Nightingale reed warbler, Guam reed-warbler
The nightingale reed warbler (Acrocephalus luscinius ), or Guam reed-warbler, was a songbird endemic to Guam. It has not been seen since the 1960.
Terrestrial animals are animals that live predominantly or entirely on land (e.g., cats, ants, snails), as compared with aquatic animals, which liv...
Oviparous animals are female animals that lay their eggs, with little or no other embryonic development within the mother. This is the reproductive...
NoNot a migrant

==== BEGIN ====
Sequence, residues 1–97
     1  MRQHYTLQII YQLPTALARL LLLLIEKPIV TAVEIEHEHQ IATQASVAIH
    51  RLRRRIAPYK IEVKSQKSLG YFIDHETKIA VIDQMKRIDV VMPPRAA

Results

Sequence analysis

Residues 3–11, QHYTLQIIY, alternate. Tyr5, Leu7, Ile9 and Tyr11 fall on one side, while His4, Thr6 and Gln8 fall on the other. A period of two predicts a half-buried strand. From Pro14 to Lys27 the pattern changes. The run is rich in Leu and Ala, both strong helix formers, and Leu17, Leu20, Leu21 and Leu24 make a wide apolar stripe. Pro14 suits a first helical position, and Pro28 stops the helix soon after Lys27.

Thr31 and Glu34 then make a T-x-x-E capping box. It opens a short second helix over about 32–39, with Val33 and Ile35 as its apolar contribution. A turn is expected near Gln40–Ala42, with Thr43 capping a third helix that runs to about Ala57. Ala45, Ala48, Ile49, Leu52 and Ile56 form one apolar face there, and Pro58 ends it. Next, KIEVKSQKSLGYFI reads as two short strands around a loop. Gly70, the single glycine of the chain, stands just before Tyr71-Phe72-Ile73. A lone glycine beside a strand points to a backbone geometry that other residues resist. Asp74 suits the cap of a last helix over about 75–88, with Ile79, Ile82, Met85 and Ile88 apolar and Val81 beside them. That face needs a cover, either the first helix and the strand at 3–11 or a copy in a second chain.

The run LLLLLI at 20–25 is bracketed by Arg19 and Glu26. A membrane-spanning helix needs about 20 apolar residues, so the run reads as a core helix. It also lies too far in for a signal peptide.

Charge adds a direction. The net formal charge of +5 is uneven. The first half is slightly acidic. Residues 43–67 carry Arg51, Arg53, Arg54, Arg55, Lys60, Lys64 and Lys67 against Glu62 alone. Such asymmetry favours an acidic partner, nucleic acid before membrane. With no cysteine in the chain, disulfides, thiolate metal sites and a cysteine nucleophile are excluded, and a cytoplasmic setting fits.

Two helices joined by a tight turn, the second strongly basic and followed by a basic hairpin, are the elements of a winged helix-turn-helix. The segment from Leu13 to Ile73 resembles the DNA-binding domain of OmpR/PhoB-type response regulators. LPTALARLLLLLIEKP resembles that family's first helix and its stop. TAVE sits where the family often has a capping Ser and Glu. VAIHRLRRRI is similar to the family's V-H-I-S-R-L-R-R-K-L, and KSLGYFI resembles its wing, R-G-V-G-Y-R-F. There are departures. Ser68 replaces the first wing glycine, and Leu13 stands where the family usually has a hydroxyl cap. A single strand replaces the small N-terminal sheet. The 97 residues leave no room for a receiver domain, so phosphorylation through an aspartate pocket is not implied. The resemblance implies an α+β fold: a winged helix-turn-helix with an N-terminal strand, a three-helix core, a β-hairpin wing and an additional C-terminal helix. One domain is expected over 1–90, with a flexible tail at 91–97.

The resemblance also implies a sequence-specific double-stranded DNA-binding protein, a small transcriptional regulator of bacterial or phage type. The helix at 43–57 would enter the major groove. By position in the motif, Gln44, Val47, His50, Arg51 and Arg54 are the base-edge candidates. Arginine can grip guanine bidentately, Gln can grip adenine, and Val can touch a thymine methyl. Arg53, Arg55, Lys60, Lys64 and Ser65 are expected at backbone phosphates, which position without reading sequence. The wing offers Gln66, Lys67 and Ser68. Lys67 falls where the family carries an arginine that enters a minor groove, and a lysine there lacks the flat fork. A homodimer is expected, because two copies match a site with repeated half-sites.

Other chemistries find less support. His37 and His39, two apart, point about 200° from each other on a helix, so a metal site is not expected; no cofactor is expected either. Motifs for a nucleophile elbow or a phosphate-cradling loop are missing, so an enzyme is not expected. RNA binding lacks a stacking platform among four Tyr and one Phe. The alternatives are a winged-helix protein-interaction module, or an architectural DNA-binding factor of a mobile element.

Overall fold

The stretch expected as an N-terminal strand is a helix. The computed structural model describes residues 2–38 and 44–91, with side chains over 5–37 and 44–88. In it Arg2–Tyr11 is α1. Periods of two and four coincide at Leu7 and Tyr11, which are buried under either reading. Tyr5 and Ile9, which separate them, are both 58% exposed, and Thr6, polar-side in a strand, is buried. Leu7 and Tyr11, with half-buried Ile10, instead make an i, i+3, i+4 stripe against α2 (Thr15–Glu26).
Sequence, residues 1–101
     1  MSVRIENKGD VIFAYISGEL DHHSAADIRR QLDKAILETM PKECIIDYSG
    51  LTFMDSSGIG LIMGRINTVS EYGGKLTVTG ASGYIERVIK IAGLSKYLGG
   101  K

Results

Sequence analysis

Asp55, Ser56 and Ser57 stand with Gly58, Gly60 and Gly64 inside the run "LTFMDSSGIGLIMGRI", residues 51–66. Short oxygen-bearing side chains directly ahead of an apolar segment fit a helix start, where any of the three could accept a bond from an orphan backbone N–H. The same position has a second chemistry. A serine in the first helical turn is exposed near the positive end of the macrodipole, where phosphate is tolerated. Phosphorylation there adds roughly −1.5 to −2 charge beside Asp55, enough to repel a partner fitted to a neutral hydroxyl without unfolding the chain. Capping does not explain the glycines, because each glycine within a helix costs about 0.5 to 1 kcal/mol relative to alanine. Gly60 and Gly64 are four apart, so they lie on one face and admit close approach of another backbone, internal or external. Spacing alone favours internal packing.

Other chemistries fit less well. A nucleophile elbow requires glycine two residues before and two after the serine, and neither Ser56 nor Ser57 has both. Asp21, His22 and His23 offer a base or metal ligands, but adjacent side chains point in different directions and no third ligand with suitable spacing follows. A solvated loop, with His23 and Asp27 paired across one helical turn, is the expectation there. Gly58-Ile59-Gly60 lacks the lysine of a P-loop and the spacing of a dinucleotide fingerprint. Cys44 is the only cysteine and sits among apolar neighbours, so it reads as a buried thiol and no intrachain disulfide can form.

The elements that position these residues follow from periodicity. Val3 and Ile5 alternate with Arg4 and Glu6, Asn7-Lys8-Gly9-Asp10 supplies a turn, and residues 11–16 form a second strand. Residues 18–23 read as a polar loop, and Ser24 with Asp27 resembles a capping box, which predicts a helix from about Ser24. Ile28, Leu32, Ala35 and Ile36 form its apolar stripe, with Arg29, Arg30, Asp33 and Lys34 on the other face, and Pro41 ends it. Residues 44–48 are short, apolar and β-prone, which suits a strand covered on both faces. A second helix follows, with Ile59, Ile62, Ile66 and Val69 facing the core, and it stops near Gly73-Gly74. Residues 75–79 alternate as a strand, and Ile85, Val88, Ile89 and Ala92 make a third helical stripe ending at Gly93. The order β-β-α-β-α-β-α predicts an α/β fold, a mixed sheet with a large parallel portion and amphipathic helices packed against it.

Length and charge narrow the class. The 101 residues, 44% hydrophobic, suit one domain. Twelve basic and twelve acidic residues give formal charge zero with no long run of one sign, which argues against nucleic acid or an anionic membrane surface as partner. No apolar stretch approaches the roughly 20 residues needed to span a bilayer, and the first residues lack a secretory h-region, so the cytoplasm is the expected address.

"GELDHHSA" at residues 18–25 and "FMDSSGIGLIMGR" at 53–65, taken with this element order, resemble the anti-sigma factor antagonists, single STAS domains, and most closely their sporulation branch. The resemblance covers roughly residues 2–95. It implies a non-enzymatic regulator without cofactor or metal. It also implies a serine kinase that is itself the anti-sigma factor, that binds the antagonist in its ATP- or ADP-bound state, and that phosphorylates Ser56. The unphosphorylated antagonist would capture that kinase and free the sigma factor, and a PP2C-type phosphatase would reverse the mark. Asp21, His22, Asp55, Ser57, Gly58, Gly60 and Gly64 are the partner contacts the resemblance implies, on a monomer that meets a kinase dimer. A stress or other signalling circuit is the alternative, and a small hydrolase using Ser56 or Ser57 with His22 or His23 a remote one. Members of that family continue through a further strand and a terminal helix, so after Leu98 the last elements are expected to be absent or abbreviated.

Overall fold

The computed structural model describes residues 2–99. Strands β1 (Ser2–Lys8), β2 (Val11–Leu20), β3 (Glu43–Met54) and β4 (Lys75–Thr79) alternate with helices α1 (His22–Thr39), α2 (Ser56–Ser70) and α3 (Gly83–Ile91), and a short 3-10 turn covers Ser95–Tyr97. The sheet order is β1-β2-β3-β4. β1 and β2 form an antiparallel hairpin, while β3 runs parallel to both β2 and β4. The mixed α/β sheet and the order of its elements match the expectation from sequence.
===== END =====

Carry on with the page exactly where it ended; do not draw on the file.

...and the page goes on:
Animals that do not make seasonal movements and stay in their native home ranges all year round are called not migrants or residents.
The nightingale reed warbler was driven to extinction by several introduced species. These included the brown tree snake which has also decimated the populations of several other bird species on Guam. Other introduced predators included rats, cats and feral ungulates such as goats or sheep. An introduced plant, ivy gourd, destroyed the canopy of the trees nightingale reed warblers built their nests in. Wetland destruction, fires and pesticides, as well as intensive land use for agriculture or building further reduced the available habitat.